If you were to wander into the British Galleries of the National Gallery in London, the painter Lachlan Goudie tells me, you could be forgiven for thinking that the history of Scottish art didn’t venture far beyond one Allan Ramsay and a David Wilkie. Impressive in itself, but hardly representative, he says. Things are not, in a way, that much better on this side of the border. Ask anyone on our streets what they know about Scottish art and they’ll likely give you an answer that checks one of what I’ll call the ‘Big Three’.
“The Glasgow Boys, The Colourists, Charles Rennie Mackintosh. That is the story of Scottish art for most people in Scotland,” says Goudie, who presents a major four-part series called The Story Of Scottish Art for BBC Scotland starting next week. “And what a great story! Aren’t we lucky to have that? But what’s so engaging,” he adds with relish, “is that it is so much bigger.”
Goudie, who will be familiar to TV audiences from his recent stint as a judge on the BBC's The Big Painting Challenge, has spent the past two years time-travelling through Scotland’s artistic past for the new series. He begins roughly 5000 years ago with the inscribed cup and ring marks of Kilmartin Glen, and surges forward, in fits and starts, via the brilliance of the 18th century (Episode 2) and the subsequent Victorian fascination with the Highlands, the revisionary strivings of the Glasgow Boys (Episode 3), and the exciting and stylistically divergent 20th century (Episode 4) to our current, conceptually-dominated world.
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Blue tweed-suited, dapper, personable, animated, Goudie is passionate about his art. And as the son of Alexander Goudie, a painter known for his artistic flamboyance and enthusiasm, how could he not be? That passion is there in the first episode of the series, as Goudie leaps in 500-year increments across roughly 4,500 years of early Scottish art, from Neolithic wall painting to ‘lost’ Pictish masterpieces to the Dutch painters’ Royal flattery during the Scottish Renaissance, via the devastatingly destructive iconoclasm of the Protestant Reformation and the parallels Goudie finds in the current activities of IS. Each subject merits the work of a 60-minute documentary in itself, but Goudie is on a mission, bringing together these piecemeal developments despite the obscured historical landscape.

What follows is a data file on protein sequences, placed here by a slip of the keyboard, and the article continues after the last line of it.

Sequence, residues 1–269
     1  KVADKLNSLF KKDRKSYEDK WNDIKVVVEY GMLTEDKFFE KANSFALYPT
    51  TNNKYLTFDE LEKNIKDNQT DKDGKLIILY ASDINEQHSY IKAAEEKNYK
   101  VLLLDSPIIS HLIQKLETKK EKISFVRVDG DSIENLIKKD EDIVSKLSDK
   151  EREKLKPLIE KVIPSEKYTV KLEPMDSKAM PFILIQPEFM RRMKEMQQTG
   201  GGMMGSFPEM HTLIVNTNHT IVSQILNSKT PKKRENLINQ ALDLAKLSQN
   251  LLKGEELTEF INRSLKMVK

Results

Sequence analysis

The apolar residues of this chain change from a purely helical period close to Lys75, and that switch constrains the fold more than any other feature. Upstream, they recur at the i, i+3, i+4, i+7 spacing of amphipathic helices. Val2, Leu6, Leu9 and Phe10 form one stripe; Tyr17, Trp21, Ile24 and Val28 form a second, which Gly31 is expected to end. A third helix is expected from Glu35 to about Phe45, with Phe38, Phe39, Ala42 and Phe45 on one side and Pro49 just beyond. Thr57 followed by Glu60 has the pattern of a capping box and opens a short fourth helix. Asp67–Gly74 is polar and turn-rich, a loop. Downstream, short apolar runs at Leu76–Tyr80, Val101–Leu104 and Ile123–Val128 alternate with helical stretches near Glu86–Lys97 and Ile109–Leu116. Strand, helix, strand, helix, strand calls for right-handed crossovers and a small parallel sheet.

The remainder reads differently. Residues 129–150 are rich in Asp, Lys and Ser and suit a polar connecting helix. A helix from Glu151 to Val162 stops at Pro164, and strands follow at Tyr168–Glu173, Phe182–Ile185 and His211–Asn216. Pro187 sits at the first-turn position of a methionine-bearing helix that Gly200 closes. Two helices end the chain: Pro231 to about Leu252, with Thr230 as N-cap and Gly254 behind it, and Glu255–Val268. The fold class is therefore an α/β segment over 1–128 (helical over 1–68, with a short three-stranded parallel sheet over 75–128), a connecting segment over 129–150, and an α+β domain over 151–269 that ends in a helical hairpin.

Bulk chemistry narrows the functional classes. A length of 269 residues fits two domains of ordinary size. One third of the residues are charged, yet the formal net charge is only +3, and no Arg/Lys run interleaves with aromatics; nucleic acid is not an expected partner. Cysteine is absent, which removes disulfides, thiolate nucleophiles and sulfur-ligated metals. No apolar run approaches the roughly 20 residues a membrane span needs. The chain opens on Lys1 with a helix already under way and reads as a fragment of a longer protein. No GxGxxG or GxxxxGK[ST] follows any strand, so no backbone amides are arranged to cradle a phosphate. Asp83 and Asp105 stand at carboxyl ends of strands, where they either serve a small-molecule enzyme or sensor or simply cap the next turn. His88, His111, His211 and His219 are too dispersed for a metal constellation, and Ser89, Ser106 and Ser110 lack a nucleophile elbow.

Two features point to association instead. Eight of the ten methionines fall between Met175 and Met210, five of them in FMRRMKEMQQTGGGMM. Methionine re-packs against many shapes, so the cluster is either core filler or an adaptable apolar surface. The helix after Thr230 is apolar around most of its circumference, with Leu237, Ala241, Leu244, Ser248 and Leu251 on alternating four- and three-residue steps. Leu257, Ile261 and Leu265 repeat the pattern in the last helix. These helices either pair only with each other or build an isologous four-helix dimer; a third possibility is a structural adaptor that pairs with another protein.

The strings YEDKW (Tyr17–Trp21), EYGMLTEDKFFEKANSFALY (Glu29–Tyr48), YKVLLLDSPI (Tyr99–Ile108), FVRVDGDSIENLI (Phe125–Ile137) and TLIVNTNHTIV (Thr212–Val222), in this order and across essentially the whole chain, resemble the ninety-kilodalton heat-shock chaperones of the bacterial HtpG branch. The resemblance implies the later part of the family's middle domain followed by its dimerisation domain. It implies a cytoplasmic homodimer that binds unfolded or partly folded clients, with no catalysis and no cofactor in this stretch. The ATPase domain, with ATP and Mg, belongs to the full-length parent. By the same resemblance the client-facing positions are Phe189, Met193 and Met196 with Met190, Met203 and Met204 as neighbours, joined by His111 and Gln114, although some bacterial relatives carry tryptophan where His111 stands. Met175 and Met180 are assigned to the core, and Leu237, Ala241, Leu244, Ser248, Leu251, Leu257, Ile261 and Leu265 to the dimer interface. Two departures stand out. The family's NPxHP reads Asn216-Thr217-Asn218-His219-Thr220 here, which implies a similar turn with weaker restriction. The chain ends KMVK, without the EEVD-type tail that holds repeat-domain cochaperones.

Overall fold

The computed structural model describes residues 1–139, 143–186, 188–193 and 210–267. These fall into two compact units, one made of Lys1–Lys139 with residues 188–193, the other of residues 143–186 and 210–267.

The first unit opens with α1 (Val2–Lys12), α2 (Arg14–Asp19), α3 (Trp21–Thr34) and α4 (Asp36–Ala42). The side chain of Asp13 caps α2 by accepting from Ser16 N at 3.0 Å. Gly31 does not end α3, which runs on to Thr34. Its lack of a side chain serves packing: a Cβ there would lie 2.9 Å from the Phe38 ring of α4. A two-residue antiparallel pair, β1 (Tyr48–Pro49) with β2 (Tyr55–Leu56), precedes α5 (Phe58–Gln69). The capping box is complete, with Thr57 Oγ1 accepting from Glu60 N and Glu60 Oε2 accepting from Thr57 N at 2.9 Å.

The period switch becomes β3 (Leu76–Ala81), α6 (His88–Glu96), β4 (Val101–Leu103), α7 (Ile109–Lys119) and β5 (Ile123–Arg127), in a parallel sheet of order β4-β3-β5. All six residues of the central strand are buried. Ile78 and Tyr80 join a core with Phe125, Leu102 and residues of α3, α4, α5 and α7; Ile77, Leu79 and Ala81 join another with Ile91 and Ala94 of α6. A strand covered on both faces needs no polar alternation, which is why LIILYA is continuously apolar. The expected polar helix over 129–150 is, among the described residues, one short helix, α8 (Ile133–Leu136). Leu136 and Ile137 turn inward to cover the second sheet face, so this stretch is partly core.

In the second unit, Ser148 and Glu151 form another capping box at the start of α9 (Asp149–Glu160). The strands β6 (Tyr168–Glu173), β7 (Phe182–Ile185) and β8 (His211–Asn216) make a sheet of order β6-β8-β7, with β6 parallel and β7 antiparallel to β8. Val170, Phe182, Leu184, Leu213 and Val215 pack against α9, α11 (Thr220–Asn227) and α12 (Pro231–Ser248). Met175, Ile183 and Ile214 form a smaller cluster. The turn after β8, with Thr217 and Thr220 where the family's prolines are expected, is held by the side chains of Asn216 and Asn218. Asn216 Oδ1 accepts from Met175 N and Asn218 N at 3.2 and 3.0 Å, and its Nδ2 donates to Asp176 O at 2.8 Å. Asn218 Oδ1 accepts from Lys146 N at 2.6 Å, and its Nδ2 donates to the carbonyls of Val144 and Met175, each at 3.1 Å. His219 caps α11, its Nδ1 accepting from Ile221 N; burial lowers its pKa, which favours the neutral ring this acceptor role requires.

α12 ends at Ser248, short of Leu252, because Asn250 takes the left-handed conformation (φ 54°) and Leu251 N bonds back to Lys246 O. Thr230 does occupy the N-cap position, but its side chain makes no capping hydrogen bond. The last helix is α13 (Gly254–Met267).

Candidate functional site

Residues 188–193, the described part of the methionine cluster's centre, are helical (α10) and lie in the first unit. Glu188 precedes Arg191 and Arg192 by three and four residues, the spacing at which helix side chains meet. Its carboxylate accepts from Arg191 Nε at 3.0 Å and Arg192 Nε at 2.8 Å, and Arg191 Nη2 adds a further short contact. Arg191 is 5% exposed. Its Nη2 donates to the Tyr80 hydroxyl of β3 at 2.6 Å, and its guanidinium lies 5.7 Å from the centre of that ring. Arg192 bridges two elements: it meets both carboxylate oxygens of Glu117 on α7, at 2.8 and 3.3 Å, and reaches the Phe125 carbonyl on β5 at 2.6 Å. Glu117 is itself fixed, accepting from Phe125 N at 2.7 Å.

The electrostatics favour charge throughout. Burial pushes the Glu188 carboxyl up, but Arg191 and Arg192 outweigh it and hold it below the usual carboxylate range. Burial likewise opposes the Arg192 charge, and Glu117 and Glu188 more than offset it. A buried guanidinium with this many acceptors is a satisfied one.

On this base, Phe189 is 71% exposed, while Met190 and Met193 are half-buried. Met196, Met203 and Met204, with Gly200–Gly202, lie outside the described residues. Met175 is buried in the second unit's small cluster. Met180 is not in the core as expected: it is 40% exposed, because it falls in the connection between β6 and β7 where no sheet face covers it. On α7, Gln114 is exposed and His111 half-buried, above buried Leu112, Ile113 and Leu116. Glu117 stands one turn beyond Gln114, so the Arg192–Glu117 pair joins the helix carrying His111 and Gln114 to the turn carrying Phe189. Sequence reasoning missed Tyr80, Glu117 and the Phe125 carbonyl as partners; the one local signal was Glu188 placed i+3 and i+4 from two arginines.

“There’s a vast screed of time where even the experts can’t tell you what’s going on,” says Goudie, cheerfully, over a cup of tea in the café below the Scottish National Gallery in Edinburgh. He doesn’t profess to be able to do so himself, but he wants to make you look – and look again, as he did.
One floor up, the greats of Scottish art hang: Ramsay, Raeburn, Guthrie, Turnbull, Eardley. Here are the monumental oils in vast ornate frames, the product of past glory days writ large on the red walls of the gallery. One can’t help but think that the equally vast weight of history must have weighed down on Goudie just a little in hammering out the series.
“There’s no doubt that the history of Scottish art is a mighty subject and one that I certainly wouldn’t have volunteered for,” he laughs, when asked if the series was his idea. “But when the BBC contacted me to ask if I would be interested, I could see the challenge and thought we could do it in an interesting way, trying to see if we could alter how we relate to the great art works of our culture by looking at the topic from a practitioner’s viewpoint, through drawing and painting.”
It’s certainly a change to the reams of programmes in which presenters whip out an iPad – with varying degrees of self-consciousness – at any given moment. In The Story of Scottish Art, Goudie sits in the abbey at Iona, where the early mediaeval Book of Kells originated, his brush carefully copying the luminous colours and intricate images of the manuscript (itself held in Dublin). At the Ring of Brodgar in Orkney, an archaeologist shows Goudie how to knap flints to create the stone incisions made by Neolithic craftsmen on their house walls. Presenters are always ‘having a go’, but rarely with as much on-the-job skill as Goudie. It is, after all, his vocation.